In which I go to great lengths for my child, or, Santa learns a little lock breaking

Ollie found a padlock outside. I don’t remember exactly when it showed up; Ollie just brought it home from school, said he found when they were at the park across the street.

It’s a little bit worse for the wear, having been outside and everything, but nothing special, other than it’s pretty heavy duty.  He carries it everywhere, he sleeps with it at night. I mean, there is literally nothing you can do with this lock. It’s just a big, heavy, locked…lock.

So naturally, Ollie has fallen in love with it.

For the past month or so, whenever we ask Ollie what he wants for Christmas, he says, “The combination to my lock.” It is the ONLY THING HE WANTS. “That’s impossible, buddy,” I say. “There’s no way to find out the combination.” “Santa can find out the combination,” he stubbornly insists.

I mean, I wouldn’t feel so bad about it if he wanted *anything* else. But for months, consistently, the ONLY THING HE WANTS.

“You know,” said Sara, with all the aplomb of someone who is suggesting someone else do something that she herself would never actually do, “If you could check 4 combinations per minute, it would only take 40 hours to check all the possible combinations…”

Grandpa took the first shift. “You can do WAY more than 4 combinations a minute,” he said, and proceeded to try the first 2000 combinations over the weekend.

Now, at this point I started to get a little excited. Only 8000 more possible combinations, and most likely the combination would be somewhere in the middle anyway. I could check them every day while on the train, find the combination, and return the lock before Ollie realized it was gone. Come Christmas, Santa slips the combination into his stocking and we have the most MAGICAL CHRISTMAS EVER! Ollie will believe until he’s 32.

So away I went. I could get between 500 and 700 combos checked per train ride, depending on if I caught the express or not. I knocked out like 2000 additional one night while watching Mad Max. Unfortunately, I couldn’t use my wrist for like 2 days afterwards, so I’m not sure that actually put me ahead, but still.

Naturally, it was totally worth it because as soon as I solved that combination, all the hard work would pay off and it would be the most MAGICAL CHRISTMAS EVER!

When I got to the 9000th combination, I said to myself, “That’s okay. No worries. That just means the first number is 9, that’s all.” “What are the odds it’s in the last few numbers?” asked Sara. “100%”, I said confidently. “I’ve checked all the other numbers, so I know for a fact it has to be in the last few numbers.”

In reality, though, I was not feeling so confident. Every number that went by I was more sure I had missed it somehow. Imagine if the first digit wasn’t lined up just perfectly; that entire 1000 tries would have been invalidated. For all I know, this stupid rusty lock had a broken mechanism.

When I finally got to 9999, I was…disappointed to say the least. It really was quite a lot of work, which I was happy to do, assuming that it actually resulted in learning the combination. But, since it hadn’t…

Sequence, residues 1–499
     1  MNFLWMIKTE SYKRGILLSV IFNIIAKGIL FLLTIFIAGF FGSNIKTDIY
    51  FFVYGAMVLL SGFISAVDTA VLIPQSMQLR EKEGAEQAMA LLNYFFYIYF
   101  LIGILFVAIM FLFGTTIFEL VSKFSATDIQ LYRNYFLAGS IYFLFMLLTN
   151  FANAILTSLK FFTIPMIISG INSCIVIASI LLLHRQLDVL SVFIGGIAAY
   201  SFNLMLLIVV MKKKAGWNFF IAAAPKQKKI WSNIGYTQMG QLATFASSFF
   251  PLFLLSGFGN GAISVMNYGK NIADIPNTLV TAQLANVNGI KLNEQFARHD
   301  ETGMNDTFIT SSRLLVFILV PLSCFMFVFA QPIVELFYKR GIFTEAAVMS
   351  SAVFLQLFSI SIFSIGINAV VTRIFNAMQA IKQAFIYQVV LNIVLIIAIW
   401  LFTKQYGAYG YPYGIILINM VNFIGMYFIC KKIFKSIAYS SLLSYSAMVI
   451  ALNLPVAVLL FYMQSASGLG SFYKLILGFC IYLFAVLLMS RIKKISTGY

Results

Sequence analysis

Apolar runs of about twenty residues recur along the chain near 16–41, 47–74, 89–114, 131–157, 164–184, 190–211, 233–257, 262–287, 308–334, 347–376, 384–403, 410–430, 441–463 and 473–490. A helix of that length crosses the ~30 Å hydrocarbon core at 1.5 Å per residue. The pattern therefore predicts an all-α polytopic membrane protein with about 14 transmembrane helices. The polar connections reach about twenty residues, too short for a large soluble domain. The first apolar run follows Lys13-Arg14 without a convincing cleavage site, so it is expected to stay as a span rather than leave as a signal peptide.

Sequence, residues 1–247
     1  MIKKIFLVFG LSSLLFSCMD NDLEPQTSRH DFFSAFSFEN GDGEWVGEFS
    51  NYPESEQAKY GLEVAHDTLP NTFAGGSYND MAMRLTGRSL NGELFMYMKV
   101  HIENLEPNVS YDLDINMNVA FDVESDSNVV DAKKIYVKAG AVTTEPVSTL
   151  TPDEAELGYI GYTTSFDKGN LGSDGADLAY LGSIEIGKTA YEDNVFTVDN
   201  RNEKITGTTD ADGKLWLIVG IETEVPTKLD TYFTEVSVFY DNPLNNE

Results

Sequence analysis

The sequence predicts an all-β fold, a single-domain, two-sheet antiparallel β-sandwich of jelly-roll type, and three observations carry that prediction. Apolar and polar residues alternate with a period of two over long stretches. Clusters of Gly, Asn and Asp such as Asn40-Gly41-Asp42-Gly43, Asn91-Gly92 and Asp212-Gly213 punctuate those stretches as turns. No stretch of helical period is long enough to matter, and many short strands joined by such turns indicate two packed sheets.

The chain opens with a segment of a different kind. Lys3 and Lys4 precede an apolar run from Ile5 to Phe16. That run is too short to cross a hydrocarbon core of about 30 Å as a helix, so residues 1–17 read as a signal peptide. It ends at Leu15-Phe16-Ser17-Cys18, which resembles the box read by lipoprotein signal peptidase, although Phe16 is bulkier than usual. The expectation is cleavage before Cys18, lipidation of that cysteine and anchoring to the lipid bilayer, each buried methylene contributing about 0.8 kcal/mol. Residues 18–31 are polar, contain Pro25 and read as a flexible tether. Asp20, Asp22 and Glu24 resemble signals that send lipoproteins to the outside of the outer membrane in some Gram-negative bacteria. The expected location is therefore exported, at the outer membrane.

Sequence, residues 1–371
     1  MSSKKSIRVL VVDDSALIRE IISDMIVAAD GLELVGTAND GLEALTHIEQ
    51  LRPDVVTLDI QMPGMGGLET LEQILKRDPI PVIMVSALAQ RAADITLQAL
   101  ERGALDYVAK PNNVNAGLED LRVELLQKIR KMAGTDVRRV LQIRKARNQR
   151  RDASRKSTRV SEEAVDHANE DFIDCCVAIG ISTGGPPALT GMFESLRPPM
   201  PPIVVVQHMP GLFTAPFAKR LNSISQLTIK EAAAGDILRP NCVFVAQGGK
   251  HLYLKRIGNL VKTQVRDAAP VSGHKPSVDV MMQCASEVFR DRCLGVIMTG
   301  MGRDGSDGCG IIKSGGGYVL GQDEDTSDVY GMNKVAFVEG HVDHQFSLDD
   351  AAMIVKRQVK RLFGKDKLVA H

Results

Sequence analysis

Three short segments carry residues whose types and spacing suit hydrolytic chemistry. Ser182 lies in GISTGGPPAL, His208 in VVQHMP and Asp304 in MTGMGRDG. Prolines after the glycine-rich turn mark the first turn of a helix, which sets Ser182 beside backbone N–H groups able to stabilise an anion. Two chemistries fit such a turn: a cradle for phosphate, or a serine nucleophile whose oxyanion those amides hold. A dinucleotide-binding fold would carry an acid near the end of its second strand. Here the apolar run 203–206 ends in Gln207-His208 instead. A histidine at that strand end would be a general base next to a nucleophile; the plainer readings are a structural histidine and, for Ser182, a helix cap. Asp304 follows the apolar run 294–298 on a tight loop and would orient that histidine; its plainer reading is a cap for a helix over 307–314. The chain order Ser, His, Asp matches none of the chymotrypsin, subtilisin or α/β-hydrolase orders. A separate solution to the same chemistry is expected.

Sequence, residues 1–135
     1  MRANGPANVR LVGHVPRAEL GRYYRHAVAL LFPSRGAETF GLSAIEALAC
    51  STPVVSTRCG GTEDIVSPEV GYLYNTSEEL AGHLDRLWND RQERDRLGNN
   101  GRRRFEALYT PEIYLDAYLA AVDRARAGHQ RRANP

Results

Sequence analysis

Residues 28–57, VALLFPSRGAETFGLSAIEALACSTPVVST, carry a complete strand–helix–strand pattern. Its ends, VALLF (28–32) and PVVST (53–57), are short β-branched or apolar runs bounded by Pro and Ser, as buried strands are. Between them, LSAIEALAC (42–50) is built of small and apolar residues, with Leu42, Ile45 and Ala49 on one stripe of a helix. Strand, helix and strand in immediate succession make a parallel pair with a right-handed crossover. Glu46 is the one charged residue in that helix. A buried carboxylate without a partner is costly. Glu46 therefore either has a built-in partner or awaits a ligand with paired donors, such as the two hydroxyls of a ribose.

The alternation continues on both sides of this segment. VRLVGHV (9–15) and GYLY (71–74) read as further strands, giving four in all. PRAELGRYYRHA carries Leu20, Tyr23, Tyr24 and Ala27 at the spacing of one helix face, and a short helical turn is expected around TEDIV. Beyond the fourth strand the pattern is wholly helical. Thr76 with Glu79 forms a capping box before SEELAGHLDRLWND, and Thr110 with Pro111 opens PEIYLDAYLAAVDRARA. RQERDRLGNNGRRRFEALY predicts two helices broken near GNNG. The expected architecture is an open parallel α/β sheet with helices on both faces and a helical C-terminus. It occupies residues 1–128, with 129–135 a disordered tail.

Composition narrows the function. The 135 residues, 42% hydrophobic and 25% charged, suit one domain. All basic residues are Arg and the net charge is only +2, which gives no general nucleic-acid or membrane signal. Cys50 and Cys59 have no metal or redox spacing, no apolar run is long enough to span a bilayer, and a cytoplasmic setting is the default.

You can find anything on youtube, including thousands of videos on how to pick a lock. Now, to be clear, picking the lock wasn’t really useful in my case: I didn’t just need to get the lock open, I needed to actually have the combination. So up until that point I hadn’t gone down that road, but I was really at rock bottom here. Maybe I could pop it open, and then somehow reset the combination (which I can say now is definitely not something you can do, but honestly I probably wasn’t in my right mind at that point.)

You can find anything on youtube. Seriously. I watched a series of videos of people picking my specific model of lock in under 30 seconds. One guy did it with a paperclip. Easy breezy. I could totally do this.

I totally could not do it, and I broke the paperclip off inside the lock. The most magical Christmas ever was getting farther away by the minute. Santa was going to be an utter failure, Christmas would be ruined, and Ollie would probably end up riding the rails, bitter and alone, just another disillusioned hobo, drunk, depressed, and cursing God Santa.

I kept at it. I learned so much about picking locks, you guys. I examined cutaway diagrams of locks, learned where to buy lock picking tools, or even how to make them in a pinch.

And then I found it: the post to end all posts. It gave me a technique so simple and easy, requiring no tools at all, that honestly I’m not sure why we even bother to lock things. Less than 5 minutes and I had the combo.

Man, I sure wish I had looked up how to do that before I spent all those hours brute-forcing the combination. Oh well, who cares. The





was back on, baby!


Now that I can open it, I can see that I undoubtedly wasn’t tugging hard enough when I was checking the combos. On the other hand, if I actually did fully check each number, it would have taken too long and I never would have checked them all. Either way, in hindsight, I can see my brute-force method never would have actually worked.

I called Sara up to tell her I had cracked it. “It’s weird, though,” I said. “It’s a strangely round number.” “Wait, you mean the combination is the address of the kids’ school??”

Guess we know where the lock came from.

5 thoughts on “In which I go to great lengths for my child, or, Santa learns a little lock breaking

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